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Compare the right numbers when comparing closing costs

By Holden Lewis
When you compare mortgage offers, you have to know which fees to pay attention to and which costs to ignore until later.

It's worth taking the time to contrast loan offers. A survey of online mortgage lenders finds that their estimated fees vary widely. Some lenders are more thorough than others when they estimate the fees and taxes involved in a transaction, making it confusing to comparison-shop.

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There are five kinds of closing costs:
  • Fees that the broker or lender charges
  • Fees that third parties control
  • Taxes
  • Title insurance
  • Prepaid items

Borrowers first should scrutinize each lender's cost estimate and add up all the fees that the lender directly controls, plus third-party fees associated with getting the loan.

Lenders are aware that this isn't easy. Even if you get multiple quotes and compare them, "it's still very difficult to go through and say, 'What am I really paying? What do I have to pay and what do I not have to pay?'" says Rob Snow, vice president of retail lending for E-Trade.

Understanding good faith estimates

When you apply for a mortgage, the lender is required to give you a standard form called the good faith estimate of closing costs, the operative word being "estimate." What an online lender presents to you onscreen isn't officially a good faith estimate, but it should be close, and the information presented there is what Bankrate compiled in the fee survey.

"What you see on the screen is in a sense a summary of the costs, but not in the detailed format of a good faith estimate," Snow says. "I hope it wouldn't change at all in terms of the bottom-line number."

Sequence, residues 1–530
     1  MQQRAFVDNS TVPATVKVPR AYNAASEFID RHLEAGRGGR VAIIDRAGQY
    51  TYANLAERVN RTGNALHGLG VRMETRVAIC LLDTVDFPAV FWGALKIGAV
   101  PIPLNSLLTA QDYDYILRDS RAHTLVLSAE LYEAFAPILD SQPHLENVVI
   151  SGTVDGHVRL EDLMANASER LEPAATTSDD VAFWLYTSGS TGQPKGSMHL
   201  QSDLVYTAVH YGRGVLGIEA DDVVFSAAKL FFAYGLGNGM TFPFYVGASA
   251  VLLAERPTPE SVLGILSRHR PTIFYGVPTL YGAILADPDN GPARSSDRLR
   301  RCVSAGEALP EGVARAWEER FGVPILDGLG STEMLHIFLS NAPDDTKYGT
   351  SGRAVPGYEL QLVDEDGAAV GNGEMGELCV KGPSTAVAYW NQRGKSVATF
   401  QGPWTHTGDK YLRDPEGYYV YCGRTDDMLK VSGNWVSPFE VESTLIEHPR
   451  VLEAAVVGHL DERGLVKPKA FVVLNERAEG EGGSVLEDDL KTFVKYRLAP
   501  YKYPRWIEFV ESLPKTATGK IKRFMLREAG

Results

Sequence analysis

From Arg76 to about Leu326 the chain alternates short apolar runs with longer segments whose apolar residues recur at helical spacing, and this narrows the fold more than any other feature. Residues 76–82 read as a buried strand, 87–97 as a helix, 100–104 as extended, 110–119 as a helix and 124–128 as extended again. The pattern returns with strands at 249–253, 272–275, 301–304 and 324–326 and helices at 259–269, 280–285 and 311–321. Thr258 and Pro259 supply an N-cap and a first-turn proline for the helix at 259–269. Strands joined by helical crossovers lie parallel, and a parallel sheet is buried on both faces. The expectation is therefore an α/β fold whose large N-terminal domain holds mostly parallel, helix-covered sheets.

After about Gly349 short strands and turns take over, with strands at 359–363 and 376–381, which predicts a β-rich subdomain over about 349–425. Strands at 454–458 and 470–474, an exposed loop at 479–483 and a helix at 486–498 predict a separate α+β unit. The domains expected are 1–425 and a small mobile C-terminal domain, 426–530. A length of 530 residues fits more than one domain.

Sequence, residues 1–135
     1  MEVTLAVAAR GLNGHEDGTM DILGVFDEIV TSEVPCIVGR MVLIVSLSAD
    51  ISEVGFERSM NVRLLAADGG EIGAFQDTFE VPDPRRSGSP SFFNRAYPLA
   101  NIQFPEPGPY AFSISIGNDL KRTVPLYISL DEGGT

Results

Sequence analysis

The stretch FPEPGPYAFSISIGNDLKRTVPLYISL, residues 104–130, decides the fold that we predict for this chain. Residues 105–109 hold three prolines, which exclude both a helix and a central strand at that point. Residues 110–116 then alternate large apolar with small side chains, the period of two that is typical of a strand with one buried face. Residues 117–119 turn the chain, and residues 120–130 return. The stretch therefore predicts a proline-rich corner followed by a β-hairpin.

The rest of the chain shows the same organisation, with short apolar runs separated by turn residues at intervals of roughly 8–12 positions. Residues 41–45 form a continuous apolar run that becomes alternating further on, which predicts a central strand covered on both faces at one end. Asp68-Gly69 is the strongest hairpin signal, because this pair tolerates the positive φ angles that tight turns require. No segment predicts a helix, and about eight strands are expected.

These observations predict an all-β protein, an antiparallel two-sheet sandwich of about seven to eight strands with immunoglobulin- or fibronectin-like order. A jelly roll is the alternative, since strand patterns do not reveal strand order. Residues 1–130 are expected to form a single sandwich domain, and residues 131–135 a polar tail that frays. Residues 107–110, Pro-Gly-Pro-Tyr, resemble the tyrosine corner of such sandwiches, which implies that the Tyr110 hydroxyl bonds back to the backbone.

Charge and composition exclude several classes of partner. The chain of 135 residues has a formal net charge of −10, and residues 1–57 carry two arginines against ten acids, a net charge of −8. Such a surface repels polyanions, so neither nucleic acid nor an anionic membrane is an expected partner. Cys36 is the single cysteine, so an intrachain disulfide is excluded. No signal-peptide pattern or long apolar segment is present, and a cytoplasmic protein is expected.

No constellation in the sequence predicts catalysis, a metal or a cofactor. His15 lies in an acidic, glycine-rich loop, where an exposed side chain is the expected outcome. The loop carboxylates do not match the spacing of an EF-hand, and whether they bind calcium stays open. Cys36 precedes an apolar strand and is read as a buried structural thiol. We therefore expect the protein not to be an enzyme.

It's a similar story at rival Amerisave, where Dave Herpers, director of consumer affairs, says the technology that the lender deploys to display detailed closing costs online is identical to that used to prepare good faith estimates. "Assuming that nothing changes from what you searched on the Web site to your application, the fees would be identical," Herpers says.

The good faith estimate is divided into sections of similar fees, each denoted by a range of numbers: the 800s, 900s, 1000s, 1100s, 1200s and 1300s. For comparison-shopping, the most important fees are the ones listed in the 800s. Most of these items are controlled by the lender or broker, so the estimates should be accurate. A few of the items in the 800 series are charged by third parties, and the lender shouldn't be far off in those estimates.

The lender or broker has direct control over origination and discount points and fees (801 and 802) and administrative, underwriting, processing, funding, document prep, wire transfer and other fees (810 and higher).


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-- Posted: July 8, 2004

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